Astral Plane Crash

Vinny Golia - kawala (Egyptian flute) sopranino, soprano, baritone saxophones, saxello, Bb clarinet, piccolo
Henry Kaiser - guitar
Ra-Kalam Bob Moses - drums, percussion
Damon Smith - amplified double bass
Weasel Walter - drums, percussion

Alan Anzalone - design
Photograph - Danny Gromfin
David J. Sullivan - recording engineer
Recorded at Native Pulse on April 15, 2018 in Quincy, Massachusetts
Mixed by Henry Kaiser & Jeremy Goody at Megasonic, Oakland, California
Thanks to Alex Lemski & Phil Mazza

Cover: Jordan Belson
Death and Transfiguration (2003)
Pastel, prismacolor and ink on paper
8.5 x 11 inches
Collection Raymond Foye
Courtesy Matthew Marks Gallery and the Estate of Jordan Belson

One Shee + Note on Artworkt:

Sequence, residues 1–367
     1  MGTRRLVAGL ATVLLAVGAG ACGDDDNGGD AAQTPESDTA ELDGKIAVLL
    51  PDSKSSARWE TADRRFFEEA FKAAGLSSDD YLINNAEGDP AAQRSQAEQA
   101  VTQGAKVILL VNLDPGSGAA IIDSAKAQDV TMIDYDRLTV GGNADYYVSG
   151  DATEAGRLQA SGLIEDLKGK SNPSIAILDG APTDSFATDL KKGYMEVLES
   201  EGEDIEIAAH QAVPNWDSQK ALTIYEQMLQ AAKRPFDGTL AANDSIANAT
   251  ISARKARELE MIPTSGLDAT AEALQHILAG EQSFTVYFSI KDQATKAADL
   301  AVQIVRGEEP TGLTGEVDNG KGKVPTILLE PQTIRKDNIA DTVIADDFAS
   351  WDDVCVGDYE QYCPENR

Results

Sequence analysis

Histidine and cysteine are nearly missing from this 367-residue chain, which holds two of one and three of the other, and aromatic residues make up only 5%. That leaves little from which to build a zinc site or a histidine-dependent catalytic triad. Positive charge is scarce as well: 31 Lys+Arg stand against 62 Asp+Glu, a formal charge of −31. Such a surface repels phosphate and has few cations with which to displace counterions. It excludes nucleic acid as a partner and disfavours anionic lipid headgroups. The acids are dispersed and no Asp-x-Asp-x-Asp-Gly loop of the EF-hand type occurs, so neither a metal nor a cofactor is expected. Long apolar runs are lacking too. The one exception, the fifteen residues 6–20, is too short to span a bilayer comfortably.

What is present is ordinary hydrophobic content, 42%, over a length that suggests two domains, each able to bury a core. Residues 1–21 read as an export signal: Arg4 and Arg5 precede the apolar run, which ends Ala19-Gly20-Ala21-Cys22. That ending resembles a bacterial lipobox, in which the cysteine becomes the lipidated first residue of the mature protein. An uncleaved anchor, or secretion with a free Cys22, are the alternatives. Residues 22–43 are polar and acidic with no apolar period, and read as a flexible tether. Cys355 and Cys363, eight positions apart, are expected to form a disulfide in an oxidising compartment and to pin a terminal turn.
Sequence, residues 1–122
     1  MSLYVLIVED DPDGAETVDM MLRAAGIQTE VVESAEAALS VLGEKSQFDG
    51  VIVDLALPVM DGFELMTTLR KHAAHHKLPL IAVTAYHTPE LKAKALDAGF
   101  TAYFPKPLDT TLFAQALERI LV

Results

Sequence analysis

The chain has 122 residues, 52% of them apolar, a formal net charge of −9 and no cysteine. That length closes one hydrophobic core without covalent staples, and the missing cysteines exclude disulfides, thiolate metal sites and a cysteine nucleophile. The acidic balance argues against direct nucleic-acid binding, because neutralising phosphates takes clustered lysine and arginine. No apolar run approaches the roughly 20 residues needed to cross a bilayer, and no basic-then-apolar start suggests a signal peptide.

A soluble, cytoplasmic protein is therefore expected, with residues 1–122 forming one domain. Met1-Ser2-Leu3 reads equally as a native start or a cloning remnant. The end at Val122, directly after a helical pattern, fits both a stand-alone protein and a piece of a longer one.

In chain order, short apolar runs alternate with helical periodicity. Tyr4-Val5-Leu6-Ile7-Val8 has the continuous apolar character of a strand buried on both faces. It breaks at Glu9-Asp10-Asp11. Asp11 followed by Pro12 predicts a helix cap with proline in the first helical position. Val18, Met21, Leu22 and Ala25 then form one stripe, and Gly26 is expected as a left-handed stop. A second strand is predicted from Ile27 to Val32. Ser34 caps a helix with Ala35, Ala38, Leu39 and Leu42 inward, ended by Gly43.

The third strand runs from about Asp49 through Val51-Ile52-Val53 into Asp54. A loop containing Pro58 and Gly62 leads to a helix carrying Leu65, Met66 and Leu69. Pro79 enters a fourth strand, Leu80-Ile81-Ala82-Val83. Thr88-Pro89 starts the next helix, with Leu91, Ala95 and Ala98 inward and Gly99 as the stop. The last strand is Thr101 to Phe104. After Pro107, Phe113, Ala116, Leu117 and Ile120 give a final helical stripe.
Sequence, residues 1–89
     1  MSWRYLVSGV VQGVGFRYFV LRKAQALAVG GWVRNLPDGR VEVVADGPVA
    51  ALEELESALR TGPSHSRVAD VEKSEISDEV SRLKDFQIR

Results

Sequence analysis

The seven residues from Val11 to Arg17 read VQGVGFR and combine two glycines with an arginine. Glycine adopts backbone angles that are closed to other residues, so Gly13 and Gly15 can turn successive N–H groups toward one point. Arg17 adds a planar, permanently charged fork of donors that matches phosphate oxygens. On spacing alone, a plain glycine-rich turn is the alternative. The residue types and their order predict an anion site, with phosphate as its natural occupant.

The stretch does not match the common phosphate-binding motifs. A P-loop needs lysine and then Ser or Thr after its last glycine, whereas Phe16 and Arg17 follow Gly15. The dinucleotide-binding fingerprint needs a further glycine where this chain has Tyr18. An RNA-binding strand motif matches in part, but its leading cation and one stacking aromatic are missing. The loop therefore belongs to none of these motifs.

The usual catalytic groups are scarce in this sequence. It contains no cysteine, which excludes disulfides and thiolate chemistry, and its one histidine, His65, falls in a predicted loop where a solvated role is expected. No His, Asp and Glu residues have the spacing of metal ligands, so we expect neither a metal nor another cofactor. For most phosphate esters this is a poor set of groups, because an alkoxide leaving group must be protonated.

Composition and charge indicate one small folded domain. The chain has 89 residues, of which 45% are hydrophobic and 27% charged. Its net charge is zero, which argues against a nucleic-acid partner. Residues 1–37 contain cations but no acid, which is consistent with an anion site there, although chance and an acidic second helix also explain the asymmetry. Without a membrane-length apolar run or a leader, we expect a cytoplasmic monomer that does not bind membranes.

"Astral Plane Crash" features almost 80 full minutes of detailed, colorful and communicative free improvisation by a special quintet of veteran musicians including Vinny Golia (reeds), Ra-Kalam Bob Moses (drums), Henry Kaiser (guitar), Damon Smith (bass) and Weasel Walter (drums). The core PLANE CRASH trio of Kaiser, Smith and Walter is a long-running unit, having worked together extensively in numerous contexts on releases like "Plane Crash" (ugEXPLODE, 2009) and "Plane Crash Two" (New Atlantis, 2015). Kaiser was amongst the first wave of 1970's US free improvisers and his diverse, endless discography is legendary. Since 2005, the versatile rhythm section of Smith and Walter has collaborated on almost 25 releases together. Los Angeles-based workhorse mult-reedist Vinny Golia and mythic journeyman drummer Ra-Kalam Bob Moses join the fray here in their first time musical meeting. Golia brings a virtuoso articulation to a wide range of woodwind instruments here, multiplying the timbral variety of the group sound greatly. Those more familiar with Moses as a first rate jazz drummer for icons like Gary Burton, Steve Swallow, Pat Metheny & Dave Leibman may surprised at his current advanced free improvisation concept documented here. The results resound with clarity, as space opens up spontaneously for every combination of the players, all captured in a beautifully